Since Sony A7III apears, I've been waiting Canon's respounce. Someting to replace my 7D MkII. Maybe a new body with more focus points, better AF or eye tracking, tilting or variable angle touchscreen, a better sensor, and of course, more speed, with a reasonable price.
But Canon simply insists on low specification bodies with high prices.
Maybe is time to change for Sony and forget about Canon.
That's why so many full time wildlife photographers are using 7D's because it's consumer only. Who cares about EF-S lenses. The 7D is to be used with 100-400, 500, 600mm big whites. The big megapixel R will need to have 50MP+, at least 10FPS and AF-C/buffer on par with the 7D to compete.
And even then it would not compete with double the price.
With camera sales dropping, and Canon offering a growing line of mirrorless models, they are likely making the tough decision, drop the less profitable models.Although I had three 7D's, I never warmed up to the 7D MK II and went to FF instead. The ability to gather more light was the reason for me.
The crop factor makes these lens appear to be 800 and 960 mm on the 7DMII and when you are limited in how close you can approach wildlife the length of the lens is all you have to make up that distance. Depending on the pixel size of your sensor, there is only so much you can crop the picture to still have enough to print. I photograph to print, not to post on the web, and because of that I can do very little cropping to a photograph from the 7DMII because of the sensor size depending on the size of the print to be made. I have more latitude with my R which has a larger sensor.its bit odd peoples who can afford 500 or 600mm big white wants consumer price body
its bit odd peoples who can afford 500 or 600mm big white wants consumer price body
I'd agree with these points.Hi Folks.
In my opinion (and it is just my opinion and worth about tuppence) a replacement for the 7DII needs 4 things,
1, Single-point spot AF. For burrowing through the brush for little birds. Missing on 80D.
2, Deep buffer. At least as many shots as the 7DII and preferably more RAW capability.
3, Joystick. Still the quickest way to move the AF point around the viewfinder, (select joystick direct in the custom menu) and helpful for ordinary navigation.
4, Weather resistance. At least as good as the 7DII.
As for frame rate, I very rarely use 10fps, I learned very quickly that you can bury yourself in almost identical shots, I only use it if I want a particular shot, like an exhaust flame that is not easy to predict and time a shot to capture it so high frame rate, nice but not essential!
I’m not very familiar with a touch screen for AF selection but I can’t imagine trying to manoeuvre a thumb around under your nose with your eye to the viewfinder?
I basically went 7D to retain the joystick when the 60D lost it, upgraded to 7DII and hope that a 7DIII might be a next step before going R something when they are up there with a sports spec body.
If they do merge the 7D and X0D lines I hope they lift the spec of the X0D and not drop the spec of the 7DIII.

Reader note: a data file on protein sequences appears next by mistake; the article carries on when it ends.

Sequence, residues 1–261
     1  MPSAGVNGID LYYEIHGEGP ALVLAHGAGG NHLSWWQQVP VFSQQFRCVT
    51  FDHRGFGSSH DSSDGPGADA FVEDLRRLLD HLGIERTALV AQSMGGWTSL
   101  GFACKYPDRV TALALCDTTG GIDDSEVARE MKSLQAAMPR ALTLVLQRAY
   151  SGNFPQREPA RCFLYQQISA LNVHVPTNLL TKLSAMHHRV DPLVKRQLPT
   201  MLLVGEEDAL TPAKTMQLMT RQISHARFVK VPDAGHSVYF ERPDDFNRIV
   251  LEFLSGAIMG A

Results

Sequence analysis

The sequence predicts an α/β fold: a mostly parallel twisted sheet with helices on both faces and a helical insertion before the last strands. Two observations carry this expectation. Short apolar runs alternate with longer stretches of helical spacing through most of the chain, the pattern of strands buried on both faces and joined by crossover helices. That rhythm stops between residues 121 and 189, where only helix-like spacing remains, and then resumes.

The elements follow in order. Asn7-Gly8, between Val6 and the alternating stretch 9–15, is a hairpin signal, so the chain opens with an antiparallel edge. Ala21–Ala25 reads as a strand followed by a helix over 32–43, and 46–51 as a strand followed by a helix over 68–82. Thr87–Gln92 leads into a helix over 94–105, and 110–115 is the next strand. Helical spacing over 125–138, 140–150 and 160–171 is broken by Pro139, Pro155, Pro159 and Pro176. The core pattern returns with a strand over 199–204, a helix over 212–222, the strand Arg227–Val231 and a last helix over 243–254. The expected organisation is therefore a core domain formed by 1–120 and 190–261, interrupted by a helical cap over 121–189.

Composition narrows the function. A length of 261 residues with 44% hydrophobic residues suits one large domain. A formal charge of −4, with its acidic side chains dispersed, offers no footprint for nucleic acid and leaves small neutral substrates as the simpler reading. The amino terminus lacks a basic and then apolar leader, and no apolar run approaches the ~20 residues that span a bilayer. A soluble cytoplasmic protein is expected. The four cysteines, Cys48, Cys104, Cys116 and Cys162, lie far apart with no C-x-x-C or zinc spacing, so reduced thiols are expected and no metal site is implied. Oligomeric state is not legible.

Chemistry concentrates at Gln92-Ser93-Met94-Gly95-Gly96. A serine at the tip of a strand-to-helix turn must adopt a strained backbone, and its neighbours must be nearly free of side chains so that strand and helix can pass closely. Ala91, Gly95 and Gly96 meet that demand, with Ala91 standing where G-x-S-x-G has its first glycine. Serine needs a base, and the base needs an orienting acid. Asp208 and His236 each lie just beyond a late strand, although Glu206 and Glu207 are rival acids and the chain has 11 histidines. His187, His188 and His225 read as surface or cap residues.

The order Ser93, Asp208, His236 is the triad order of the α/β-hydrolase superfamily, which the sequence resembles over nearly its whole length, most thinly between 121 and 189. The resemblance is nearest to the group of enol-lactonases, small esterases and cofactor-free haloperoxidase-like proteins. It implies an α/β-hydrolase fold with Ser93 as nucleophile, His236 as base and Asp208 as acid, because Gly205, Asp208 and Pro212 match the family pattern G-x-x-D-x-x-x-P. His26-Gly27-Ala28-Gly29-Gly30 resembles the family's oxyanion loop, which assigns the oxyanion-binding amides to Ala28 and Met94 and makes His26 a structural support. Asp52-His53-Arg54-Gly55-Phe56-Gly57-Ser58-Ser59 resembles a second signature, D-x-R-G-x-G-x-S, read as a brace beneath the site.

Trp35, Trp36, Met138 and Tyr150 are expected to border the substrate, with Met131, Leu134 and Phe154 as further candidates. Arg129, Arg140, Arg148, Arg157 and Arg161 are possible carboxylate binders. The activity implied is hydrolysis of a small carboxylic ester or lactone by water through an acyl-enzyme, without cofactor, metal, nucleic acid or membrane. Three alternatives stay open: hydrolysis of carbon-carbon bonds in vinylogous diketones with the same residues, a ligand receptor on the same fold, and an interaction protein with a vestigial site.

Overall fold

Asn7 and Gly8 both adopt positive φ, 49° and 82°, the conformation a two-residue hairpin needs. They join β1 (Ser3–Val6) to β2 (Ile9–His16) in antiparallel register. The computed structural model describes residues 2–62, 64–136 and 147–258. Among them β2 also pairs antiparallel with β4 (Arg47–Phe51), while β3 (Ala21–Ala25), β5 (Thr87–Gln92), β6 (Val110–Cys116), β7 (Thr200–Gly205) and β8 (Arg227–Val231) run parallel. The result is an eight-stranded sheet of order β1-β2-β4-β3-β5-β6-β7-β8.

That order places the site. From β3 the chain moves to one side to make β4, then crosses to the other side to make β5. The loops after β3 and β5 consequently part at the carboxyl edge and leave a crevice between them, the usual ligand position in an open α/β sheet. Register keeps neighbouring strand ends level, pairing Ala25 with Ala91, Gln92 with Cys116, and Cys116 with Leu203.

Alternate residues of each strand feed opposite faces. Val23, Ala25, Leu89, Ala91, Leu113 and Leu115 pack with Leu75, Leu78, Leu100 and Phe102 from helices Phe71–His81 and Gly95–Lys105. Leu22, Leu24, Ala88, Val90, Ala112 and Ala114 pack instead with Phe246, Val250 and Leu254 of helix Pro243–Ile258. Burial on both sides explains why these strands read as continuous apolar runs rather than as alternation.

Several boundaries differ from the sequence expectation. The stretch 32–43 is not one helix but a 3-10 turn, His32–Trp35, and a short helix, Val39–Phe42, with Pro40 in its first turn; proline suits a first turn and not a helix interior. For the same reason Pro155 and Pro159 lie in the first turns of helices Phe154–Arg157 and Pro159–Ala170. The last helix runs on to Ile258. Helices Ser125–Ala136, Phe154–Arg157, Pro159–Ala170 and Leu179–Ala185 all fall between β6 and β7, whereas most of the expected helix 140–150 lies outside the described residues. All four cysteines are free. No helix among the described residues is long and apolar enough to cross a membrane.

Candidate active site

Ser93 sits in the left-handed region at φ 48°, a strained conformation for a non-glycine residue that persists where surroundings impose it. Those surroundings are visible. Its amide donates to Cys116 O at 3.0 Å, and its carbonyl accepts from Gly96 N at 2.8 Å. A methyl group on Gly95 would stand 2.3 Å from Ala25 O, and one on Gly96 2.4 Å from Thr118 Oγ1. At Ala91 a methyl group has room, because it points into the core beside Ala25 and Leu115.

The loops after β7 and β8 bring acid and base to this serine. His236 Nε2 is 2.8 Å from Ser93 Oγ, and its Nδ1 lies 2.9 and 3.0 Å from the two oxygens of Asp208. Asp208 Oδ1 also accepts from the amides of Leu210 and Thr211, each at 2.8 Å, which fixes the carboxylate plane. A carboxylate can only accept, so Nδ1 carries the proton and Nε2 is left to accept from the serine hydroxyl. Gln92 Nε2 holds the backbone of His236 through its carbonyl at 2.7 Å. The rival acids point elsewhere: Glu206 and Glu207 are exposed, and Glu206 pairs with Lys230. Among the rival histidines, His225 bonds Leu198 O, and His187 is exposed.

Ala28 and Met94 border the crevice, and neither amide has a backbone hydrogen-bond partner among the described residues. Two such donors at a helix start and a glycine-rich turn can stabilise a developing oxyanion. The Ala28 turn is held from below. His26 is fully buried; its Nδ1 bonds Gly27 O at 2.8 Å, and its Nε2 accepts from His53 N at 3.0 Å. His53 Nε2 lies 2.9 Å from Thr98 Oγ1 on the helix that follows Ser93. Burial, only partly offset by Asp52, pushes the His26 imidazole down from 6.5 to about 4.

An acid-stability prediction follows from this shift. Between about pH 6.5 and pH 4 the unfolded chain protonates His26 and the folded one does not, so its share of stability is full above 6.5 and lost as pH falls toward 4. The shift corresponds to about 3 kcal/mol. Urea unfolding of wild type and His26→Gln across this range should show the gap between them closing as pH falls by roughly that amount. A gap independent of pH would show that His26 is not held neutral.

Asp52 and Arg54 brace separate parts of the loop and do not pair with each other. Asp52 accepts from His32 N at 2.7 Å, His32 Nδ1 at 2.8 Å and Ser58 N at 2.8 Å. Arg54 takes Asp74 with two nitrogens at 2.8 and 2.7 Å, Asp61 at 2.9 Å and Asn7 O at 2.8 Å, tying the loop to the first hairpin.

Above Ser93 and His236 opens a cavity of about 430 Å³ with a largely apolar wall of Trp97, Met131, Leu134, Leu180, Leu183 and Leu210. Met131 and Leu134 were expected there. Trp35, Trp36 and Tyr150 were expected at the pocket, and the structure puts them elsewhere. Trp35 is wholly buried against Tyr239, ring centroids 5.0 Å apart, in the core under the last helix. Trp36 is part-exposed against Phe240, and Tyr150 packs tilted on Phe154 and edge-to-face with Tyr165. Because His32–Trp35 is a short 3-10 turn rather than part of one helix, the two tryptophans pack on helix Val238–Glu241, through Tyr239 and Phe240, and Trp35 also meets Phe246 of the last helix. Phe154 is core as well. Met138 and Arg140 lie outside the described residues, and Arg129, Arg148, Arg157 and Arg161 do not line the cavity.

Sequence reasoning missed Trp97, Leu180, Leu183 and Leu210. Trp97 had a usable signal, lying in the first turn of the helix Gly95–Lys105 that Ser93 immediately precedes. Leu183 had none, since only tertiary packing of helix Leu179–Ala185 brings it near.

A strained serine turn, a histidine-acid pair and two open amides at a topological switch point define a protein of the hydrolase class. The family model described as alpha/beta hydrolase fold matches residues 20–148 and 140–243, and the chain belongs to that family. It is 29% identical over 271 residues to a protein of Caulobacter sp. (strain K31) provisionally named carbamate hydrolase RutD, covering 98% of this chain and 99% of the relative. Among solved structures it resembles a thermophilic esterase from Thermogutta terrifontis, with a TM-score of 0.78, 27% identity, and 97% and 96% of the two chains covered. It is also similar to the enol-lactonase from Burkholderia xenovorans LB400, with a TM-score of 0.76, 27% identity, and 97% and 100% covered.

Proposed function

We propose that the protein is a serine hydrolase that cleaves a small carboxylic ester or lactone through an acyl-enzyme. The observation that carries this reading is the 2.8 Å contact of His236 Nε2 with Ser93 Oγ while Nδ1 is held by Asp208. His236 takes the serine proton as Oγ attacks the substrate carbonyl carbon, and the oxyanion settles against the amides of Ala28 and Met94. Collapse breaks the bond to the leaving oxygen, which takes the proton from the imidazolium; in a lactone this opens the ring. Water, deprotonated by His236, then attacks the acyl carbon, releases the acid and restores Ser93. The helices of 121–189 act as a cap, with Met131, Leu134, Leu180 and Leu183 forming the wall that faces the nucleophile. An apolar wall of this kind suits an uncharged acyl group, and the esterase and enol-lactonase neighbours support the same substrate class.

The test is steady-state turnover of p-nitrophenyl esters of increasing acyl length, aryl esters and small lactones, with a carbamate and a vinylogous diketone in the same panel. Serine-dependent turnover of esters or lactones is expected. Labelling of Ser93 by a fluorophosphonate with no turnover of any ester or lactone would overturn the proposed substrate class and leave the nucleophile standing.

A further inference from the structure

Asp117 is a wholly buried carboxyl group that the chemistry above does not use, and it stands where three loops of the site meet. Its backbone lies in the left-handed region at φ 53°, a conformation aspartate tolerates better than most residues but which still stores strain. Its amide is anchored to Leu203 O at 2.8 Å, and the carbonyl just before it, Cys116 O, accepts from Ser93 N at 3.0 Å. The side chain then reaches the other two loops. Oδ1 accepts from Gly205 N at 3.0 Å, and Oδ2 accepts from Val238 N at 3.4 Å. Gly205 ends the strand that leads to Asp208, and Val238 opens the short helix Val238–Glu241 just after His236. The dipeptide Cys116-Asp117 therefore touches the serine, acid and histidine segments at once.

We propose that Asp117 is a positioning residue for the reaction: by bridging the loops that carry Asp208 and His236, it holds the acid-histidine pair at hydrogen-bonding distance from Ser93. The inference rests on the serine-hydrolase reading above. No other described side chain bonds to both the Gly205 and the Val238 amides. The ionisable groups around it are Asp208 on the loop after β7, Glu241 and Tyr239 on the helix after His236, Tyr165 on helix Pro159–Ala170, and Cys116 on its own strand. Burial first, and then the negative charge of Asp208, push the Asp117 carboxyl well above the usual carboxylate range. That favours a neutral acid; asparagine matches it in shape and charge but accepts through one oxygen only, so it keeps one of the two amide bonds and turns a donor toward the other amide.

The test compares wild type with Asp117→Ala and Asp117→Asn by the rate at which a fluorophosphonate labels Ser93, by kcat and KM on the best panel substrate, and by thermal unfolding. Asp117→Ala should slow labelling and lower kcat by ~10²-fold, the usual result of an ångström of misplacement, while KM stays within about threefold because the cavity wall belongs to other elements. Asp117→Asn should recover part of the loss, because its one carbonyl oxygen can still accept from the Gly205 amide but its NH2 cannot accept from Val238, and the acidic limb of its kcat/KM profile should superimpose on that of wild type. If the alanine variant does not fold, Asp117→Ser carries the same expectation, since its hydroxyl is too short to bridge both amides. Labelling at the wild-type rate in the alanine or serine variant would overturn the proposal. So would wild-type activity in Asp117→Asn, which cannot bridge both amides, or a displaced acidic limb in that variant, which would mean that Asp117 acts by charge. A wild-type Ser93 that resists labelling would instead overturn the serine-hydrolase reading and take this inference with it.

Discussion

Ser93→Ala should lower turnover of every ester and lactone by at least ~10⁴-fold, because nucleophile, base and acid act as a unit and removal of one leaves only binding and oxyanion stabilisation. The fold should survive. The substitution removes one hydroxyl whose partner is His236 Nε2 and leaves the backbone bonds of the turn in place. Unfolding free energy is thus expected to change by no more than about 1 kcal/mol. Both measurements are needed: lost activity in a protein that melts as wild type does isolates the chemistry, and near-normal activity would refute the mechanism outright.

Not sure why it's worth supporting, there would be very little benefit over using a 1.4 anyway, other than maybe for video.I've been waiting to replace my 7D with a 7D III, or a suitable R body. I also have a M5. A couple of comments:
Bottom line: if Canon wants to sell a R replacement for the 7D, it better be able to handle a 7D like frame rate and handle AF at sport/wildlife focal lengths. I wouldn't mind a full frame sensor (most of my lenses are full frame anyway), with the ability to use EFS lenses.
- The original 7D can't autofocus a 70-200 f4 L IS USM or a 100-400 L IS USM with a 2x III extender, while the M5 does.
- The M5 can't handle saving JPEG + RAW at frame rates over once every two or three seconds, while the 7D merrily shoots a fast burst.
Just because I don't miss 8 fps doesn't mean I want to drop to 3 fps
My M wasn't, I agree, but the R nails focus every time. I couldn't even get my EOS-1Ds MkIII to nail focus 10% of the time with the EF 50/1.2 but I can shoot my 5yo dancing around with the RF50/1.2 wide open and get eyelash-counting sharpness on 8 out of 10 shots. I haven't really shot the R with the 600/4 but I can't imagine why it wouldn't be the same story.I'm not yet convinced that mirrorless cameras can handle the focusing required using long lenses and tiny subjects.
I logged in to reply to this.My M wasn't, I agree, but the R nails focus every time. I couldn't even get my EOS-1Ds MkIII to nail focus 10% of the time with the EF 50/1.2 but I can shoot my 5yo dancing around with the RF50/1.2 wide open and get eyelash-counting sharpness on 8 out of 10 shots. I haven't really shot the R with the 600/4 but I can't imagine why it wouldn't be the same story.
I am anal compulsive when it comes to AF, and constantly comparing shots to find which ones give the best resolution of detail of bird plumage. I find the 5DIV and 5DSR to be very consistent. My previous 7DII, although not quite as good as the more modern bodies, was still pretty good. (I also do use mirrorless and don 't find them substantially better with my lenses.) Did you AFMA your 70-200 f/4? A constant out of focus seems likely to be an AFMA problem. But, you could have had a rogue 7DII.I logged in to reply to this.
I agree. The R does nail focus and can tear through a lot of shots without buffering. I couldn't nail focus no matter the settings in the 7d mk ii. Looked sharp when the mirror flapped on a 70-200 f4 but was out of focus constantly. Sigma 50 f1.4 art - no sharp focus ever. The 200d/100d could nail focus more consistently... All be it slow